I’ve been running this blog for just shy of 10 months and I’ve only come to cover Gumshara now? Shame on me. Shame on me indeed.
Many describe Gumshara as a hidden gem of Sydney. I wholeheartedly agree with that statement, and would say so even to those who dislike the taste of its ramen (for various, but all valid reasons – it’s subjective, after all). What makes Gumshara a gem is simple – there is no other ramen-ya that does ramen like Gumshara does. You will not taste anything else like it in Sydney.
Not even close. Not one. Read on…
Date Last Visited: 25/5/2013
Address: Dixon St Haymarket, NSW 2000 (Eating World food court)
Go-to dish: Garlic Miso Ramen
Gumshara, for what it could be, is located in one of the most unlikely places. A slightly run-down food court at the end of China Town known as Eating World. There are perhaps 10-15 stalls here, but Gumshara is the only one I ever actually go to when I visit.
If it weren’t for the red banners and flashy, Izakaya-style furnishings at the storefront, you could miss it quite easily.
I’ll just say this – Gumshara could really use expansion. Its popularity is immense, but expansion isn’t going to be easy – it’s not just a matter of getting more floor space you see…
Tonkotsu broth. The magical pork broth that makes this kind of ramen tick. You can classify ramen into roughly four soup categories – Miso, Shoyu, Shio, and Tonkotsu. There’s plenty of good info on each of the four so I’m not going to regurgitate it – the only important thing here is that Tonkotsu is the thickest broth of them all.
But of course, you, ramen lover, knew that already. You also probably know that Gumshara has the thickest broth in Sydney. Kyoto-style ramen, at its finest?
For those who haven’t tried it yet, try it WITHOUT asking for broth dilution (yeah, there’s an option for that) and see how you fare.
It’s something, isn’t it.
Head chef Mori Hogashida claims that nearly 150kg of pork bones are added per day to maintain a “master stock” of ramen broth which has a full 7-day cycle time. In that time, the bones pretty much break down, releasing their gooey marrow innards, which infuse the broth with an incredible smell and texture that cannot be replicated by any other ramen-ya in Sydney, simply because this method of making tonkotsu broth is so incredibly difficult. The effort requires constant stirring, and the stock cooks nonstop. Since it’s quite high in fat (what, it’s pork what did you expect) it can spoil easily so constant vigilance is required.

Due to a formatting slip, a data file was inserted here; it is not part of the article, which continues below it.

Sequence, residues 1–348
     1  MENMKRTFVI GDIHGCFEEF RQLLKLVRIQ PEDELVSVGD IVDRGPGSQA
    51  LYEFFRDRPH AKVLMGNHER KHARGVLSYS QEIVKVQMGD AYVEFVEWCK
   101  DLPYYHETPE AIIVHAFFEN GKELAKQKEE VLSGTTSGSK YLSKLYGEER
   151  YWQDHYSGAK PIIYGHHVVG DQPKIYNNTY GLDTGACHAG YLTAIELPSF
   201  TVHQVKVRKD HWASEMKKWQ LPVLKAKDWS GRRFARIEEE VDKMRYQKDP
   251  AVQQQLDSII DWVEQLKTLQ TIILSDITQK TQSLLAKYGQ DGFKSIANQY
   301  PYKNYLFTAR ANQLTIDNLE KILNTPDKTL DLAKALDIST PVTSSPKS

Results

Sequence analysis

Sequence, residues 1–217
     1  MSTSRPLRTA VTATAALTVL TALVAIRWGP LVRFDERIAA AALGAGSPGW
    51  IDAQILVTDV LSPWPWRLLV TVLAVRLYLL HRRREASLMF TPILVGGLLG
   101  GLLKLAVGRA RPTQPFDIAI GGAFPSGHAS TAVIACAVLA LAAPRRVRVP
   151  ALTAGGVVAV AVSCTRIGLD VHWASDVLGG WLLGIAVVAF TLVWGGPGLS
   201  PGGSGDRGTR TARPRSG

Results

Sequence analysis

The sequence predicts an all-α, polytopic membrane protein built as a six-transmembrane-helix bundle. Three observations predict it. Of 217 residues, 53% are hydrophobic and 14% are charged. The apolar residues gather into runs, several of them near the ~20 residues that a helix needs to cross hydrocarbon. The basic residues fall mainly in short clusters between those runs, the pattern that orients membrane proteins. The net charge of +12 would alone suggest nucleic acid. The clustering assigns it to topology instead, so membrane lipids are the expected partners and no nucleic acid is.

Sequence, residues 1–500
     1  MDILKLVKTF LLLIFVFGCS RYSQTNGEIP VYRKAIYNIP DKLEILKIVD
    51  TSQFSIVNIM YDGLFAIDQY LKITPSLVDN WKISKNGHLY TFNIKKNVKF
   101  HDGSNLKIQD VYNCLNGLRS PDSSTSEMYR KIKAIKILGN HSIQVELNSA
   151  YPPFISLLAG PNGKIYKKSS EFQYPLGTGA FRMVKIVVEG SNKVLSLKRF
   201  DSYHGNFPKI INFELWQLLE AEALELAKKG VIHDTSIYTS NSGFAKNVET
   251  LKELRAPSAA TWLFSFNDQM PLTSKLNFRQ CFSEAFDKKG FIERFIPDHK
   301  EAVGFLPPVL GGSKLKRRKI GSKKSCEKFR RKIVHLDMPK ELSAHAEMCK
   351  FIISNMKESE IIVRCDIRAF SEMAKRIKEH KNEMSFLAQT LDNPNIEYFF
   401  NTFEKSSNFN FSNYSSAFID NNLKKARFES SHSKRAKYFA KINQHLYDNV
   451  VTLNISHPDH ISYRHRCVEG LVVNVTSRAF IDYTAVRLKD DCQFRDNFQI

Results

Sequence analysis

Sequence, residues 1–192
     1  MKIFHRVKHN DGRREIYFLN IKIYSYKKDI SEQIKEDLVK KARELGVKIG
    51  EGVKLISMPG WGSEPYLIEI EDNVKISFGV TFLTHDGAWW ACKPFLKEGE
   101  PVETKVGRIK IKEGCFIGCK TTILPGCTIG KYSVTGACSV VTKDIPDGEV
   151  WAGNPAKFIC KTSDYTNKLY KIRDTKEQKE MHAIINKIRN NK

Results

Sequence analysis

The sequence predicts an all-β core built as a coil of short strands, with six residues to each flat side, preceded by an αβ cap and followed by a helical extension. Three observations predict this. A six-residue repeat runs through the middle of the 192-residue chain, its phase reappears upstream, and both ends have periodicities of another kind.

That’s a lot of effort just to make the soup. But heck, the only reason I even eat noodle soup in the first place is for the soup – I may as well eat dry/fried noodles otherwise.
There is a downside to all of this – ramen stock is limited. Theoretically speaking, you could arrive late one day to find that they actually have no more ramen to sell you because stock has run out. In practice, this is very rare, as Gumshara only trades during limited hours (usually 3pm-9pm), and generally has enough stock at hand. Besides, you’d be crazy coming in to have Gumshara ramen when it’s late – you’re going to be up all night digesting all that goodness.
That goodness, luckily, doesn’t cost you an arm and a leg, despite the vastly higher cost of ingredients (for comparison, normal ramen-ya put in maybe 30-40kg of pork bones into their broth). Ramen is still ramen, and the culture of ramen was always meant to be one of affordability and accessiblility. Woe be the day when a bowl of ramen could cost more than $20.
Actually…more on that later.
So, what’s the ramen actually like? Well, people get polarised on this. Mori himself admits that his method of tonkotsu broth production is rather outdated and old-fashioned, as tastes have changed over the years. For every person I know who absolutely adores Gumshara’s ramen, another is reviled by the thickness, the pungency, the heaviness of it.